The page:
NGI The Weekly Gas Market Report / NGI All News Access

INGAA: Obstacles Hinder Pipeline Expansion

INGAA: Obstacles Hinder Pipeline Expansion

Firing a shot across the bow of local distribution companies (LDCs), INGAA Chairman Stanley C. Horton, CEO of Enron Gas Transportation Services Co., said last week the LDCs are standing in the way of desperately needed interstate pipeline capacity.

There are significant problems looming on the horizon for the pipeline industry as consumer concerns increase in tandem with gas prices, Horton noted. Two regions need immediate pipeline capacity help: the Pacific and the Northeast. But several obstacles stand in the way, not the least of which is LDC rivalry.

"In both regions, pipelines have run into continued opposition from local distribution companies who fear that adding more pipelines will be overbuilding pipeline capacity, thereby cheapening pipeline capacity. We don't think that pipelines ought to be overbuilt for economic reasons and environmental reasons," said Horton, speaking last week at INGAA's offices in Washington, D.C. "We don't want pipelines that are half full."

He said as recently as last fall that Transwestern ran into stiff opposition from California's LDCs over a proposed expansion of 140 MMcf/d, about 10%. The utilities claimed additional pipeline capacity to California was not needed. "I'm sorry, but additional pipeline capacity was needed and is needed in California."

Horton said Transwestern plans to try again soon because its system has been running full since the El Paso explosion last August. "I would expect that we will continue to run full for many months to come. We are now sold out of firm capacity through 2004 or 2005..... We are contemplating an expansion of our system and have run an open season." He said meetings on the project would be held later this week. "I can tell you it's not going to be below 150 MMcf/d."

PG&E Gas Transmission-Northwest also is planning to expand by 200 MMcf/d and Kern River has a project on file at FERC. In addition, FERC has asked El Paso to use the All America Pipeline to create new gas transportation capacity to California.

Nearly every pipeline into the state is trying something to ease supply constraints that apparently are behind the price increases there. But those plans will do nothing unless local distributors lift their opposition and do a little expanding of their own, said Horton.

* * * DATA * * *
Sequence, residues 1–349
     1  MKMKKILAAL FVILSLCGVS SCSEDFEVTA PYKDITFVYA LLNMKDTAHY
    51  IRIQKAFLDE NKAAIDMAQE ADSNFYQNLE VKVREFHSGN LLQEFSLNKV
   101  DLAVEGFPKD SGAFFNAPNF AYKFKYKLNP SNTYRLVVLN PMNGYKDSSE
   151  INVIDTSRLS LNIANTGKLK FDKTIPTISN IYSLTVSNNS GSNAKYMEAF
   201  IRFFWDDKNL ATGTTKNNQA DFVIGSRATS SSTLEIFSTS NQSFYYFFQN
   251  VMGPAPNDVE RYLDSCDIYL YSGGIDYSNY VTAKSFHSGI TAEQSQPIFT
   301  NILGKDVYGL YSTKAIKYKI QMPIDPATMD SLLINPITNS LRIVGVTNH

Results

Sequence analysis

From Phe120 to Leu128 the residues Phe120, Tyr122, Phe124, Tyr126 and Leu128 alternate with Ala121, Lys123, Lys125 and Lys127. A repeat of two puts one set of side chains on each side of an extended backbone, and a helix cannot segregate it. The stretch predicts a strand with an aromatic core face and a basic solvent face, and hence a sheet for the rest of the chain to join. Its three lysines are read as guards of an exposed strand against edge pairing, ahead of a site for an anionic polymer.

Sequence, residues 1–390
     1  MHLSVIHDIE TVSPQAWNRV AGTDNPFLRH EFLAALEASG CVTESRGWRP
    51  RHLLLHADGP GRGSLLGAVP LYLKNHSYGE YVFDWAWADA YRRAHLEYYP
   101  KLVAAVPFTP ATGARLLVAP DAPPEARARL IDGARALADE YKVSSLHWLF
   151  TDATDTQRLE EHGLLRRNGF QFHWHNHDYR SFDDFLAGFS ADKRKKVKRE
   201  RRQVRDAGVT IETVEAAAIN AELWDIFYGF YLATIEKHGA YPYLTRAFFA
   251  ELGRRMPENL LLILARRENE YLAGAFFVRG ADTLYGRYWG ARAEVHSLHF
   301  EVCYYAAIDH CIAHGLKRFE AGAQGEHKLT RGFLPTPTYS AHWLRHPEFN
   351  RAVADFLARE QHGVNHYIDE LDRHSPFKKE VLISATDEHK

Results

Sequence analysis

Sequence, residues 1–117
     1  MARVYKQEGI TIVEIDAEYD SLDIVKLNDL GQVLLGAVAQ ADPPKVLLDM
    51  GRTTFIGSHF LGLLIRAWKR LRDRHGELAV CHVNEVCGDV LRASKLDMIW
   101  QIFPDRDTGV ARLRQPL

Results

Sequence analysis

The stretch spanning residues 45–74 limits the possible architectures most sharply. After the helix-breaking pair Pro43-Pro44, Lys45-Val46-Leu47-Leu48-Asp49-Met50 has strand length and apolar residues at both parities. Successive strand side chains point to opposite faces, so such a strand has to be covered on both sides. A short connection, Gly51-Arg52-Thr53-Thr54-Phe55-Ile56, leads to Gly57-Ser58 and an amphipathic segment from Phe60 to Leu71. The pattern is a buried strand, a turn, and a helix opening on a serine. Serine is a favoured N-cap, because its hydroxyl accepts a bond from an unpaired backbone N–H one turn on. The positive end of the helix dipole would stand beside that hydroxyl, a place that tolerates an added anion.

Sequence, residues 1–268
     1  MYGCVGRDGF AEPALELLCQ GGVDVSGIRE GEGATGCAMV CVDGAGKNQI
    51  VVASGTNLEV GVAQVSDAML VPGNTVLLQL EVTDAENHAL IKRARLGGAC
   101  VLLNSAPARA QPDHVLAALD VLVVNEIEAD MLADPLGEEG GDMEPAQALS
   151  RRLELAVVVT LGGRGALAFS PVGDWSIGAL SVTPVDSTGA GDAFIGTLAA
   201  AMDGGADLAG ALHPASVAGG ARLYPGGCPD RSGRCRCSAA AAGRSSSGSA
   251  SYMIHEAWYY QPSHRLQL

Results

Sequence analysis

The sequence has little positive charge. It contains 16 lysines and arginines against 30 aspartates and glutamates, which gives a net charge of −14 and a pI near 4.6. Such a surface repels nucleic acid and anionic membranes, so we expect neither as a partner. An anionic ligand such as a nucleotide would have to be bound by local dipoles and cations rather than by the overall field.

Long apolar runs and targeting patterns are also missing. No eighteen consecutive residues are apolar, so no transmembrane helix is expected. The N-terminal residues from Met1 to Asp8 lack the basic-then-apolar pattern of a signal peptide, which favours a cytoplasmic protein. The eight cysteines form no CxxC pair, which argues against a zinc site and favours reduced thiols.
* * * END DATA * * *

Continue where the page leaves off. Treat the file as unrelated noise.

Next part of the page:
Southern California Gas Co. should take some of the blame for the recent spot price spikes at the Southern California border, he said. Spot prices there reached $69/MMBtu in December, which was the highest wholesale price ever recorded since wellhead decontrol. Earlier this month, prices shot back up above $40/MMBtu.

"You've got to expand the intrastate systems in California. Takeaway capacity is a constraint. Just creating a bigger straw going into California is not going to resolve the problem. You have to look at the intrastate lines and the distribution system," Horton said.

There is a "tremendous amount" of interstate pipeline capacity going into California that "does not match up" with smaller intrastate lines. Horton said the LDCs recently have shown some willingness to consider solutions. "We have engaged in some conversations with SoCal Gas and hopefully it will lead to movement on their side. I certainly think they have a reason to want to do something about this."

Horton refuted claims that marketing affiliate abuse was partly behind spot price increases at the California border. "The only area where [Enron] could [do that] would be on Transwestern Pipeline; that's the only physical asset we have that can move gas into California. The fact that they have not subscribed any new capacity on our system since the whole California thing blew up [argues against that]. I think the last time I saw they had less than 10-15 MMcf/d of total capacity on the Transwestern system and those were at rates that we offer everyone else." He also disputed any suggestions that other companies were engaging in marketing affiliate abuse, noting that FERC regulations and oversight have been more than adequate to prevent such abuse.